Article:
Sunday, September 30, 2012
For Darkness Shows the Stars by Diana Peterfreund
This was one of those books that attracted me with the cover and the title. I read that it was a retelling of Jane Austen's Persuasion, except with a mixture of science fiction. That is actually something I would really enjoy, so I decided to read the book.
For those who don't know, Persuasion is the story of old maid Anne Elliot (She's 27). She had been romantically involved with a man named Frederick Wentworth years previously, but she broke off their engagement because of a friend's advise. Now, she lives with her father and sister, their finances are in ruins, and Wentworth comes back as a celebrated Captain. He isn't very nice to Anne and flirts with a bunch of girls in front of her. Though (Spoiler) things end up okay because the one girl he led on gets some head injury and falls in love with another dude, and Wentworth confesses that he loved Anne all along. I'd be mad at him, though his letter to her is one of the sweetest things I've ever read.
For Darkness Shows the Stars changes the setting a bit. It's almost dystopian, set after an event called the Reduction devastated the planet and killed off most of the population. Now, a group of rich people called Luddites are in charge. They believe that the Reduction was caused by people messing with science, trying to make themselves into gods. Elliot North (Our Anne) fears that the genetically modified crops she creates will bring the wrath of God upon her farm, but her family is so poor that she has to try something so they won't starve.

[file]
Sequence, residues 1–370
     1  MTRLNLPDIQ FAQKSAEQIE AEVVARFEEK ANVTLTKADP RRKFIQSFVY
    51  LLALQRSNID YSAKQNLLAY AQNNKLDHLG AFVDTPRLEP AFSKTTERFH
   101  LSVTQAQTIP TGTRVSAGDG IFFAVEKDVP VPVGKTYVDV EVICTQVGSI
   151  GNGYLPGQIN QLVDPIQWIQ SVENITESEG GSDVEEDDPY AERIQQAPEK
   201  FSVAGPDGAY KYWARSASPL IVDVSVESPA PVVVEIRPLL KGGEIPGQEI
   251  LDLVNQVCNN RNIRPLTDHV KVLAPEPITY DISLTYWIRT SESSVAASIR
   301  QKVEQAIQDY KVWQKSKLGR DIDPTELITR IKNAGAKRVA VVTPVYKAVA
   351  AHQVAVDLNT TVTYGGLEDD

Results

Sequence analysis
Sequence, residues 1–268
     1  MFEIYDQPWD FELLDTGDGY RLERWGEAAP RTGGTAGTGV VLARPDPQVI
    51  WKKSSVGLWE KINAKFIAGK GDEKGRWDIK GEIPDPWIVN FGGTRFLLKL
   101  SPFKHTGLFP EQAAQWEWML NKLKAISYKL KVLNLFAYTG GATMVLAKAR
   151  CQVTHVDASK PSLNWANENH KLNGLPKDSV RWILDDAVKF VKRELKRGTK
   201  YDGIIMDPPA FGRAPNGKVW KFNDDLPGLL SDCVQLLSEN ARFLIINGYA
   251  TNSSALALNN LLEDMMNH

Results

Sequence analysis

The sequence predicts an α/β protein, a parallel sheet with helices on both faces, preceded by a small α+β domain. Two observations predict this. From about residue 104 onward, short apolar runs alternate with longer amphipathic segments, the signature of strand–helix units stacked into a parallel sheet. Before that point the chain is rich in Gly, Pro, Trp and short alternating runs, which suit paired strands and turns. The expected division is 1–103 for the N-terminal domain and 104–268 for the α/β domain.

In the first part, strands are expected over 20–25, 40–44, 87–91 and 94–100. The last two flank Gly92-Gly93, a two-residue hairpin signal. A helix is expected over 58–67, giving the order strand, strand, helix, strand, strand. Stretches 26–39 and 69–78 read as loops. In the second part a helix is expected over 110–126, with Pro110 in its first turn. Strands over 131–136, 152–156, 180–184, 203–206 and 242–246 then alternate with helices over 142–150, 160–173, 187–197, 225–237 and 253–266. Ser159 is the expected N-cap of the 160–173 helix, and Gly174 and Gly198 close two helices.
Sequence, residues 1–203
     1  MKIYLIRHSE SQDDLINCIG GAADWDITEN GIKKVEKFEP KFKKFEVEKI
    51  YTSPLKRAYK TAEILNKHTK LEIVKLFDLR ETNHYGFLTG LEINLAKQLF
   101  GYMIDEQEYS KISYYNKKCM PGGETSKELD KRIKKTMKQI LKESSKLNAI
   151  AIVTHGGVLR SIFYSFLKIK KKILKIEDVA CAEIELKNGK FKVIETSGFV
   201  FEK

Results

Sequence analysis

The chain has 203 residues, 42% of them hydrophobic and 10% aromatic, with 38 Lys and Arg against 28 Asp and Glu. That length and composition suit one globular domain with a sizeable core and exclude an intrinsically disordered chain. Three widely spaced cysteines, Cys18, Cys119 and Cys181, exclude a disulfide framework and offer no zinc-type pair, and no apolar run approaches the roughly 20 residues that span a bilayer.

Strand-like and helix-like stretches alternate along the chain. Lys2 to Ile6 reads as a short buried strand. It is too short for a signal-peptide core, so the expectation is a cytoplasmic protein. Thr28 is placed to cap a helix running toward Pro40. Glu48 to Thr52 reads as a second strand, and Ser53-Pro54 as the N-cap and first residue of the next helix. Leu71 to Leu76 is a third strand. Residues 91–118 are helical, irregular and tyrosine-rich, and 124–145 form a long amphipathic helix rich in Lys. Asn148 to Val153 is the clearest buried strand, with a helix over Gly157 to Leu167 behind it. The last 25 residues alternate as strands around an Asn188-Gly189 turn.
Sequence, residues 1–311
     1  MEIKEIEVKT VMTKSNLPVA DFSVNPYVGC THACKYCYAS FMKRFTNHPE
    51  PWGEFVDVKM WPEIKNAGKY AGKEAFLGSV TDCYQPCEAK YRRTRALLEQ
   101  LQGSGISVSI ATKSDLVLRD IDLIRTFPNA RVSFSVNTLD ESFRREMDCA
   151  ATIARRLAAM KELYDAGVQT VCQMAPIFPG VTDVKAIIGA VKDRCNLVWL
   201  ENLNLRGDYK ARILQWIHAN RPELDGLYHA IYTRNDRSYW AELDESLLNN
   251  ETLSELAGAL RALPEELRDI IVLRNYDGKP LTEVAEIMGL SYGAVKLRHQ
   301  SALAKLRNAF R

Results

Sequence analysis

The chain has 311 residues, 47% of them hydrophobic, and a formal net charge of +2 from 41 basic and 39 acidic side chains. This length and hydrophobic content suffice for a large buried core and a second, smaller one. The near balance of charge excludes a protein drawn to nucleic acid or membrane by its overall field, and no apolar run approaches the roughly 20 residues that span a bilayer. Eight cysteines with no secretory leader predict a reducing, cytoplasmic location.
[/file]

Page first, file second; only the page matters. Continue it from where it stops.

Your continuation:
Just as in Persuasion, the Norths are visited by a group of shipbuilders and one, Captain Malakai Wentworth, Kai, was once a worker on their farm and very close with Elliot. Now, he is newly rich and successful, and he wants absolutely nothing to do with her.
As far as Jane Austen retellings go, I liked this one. It had the same characters, but the story ventured far enough away that it wasn't just Jane Austen with a couple steamships thrown in to liven things up a bit. Persuasion was the last Austen novel I read, and I always enjoyed the story of longing and regret. I think that the added conflict of belief between the characters augments the story. Elliot dabbles in science, but she fears the consequences. Kai travelled the world and used technology to make his fortune. Having read Persuasion, I wasn't surprised by the ending of the book, but I still enjoyed the slight twist on the same story.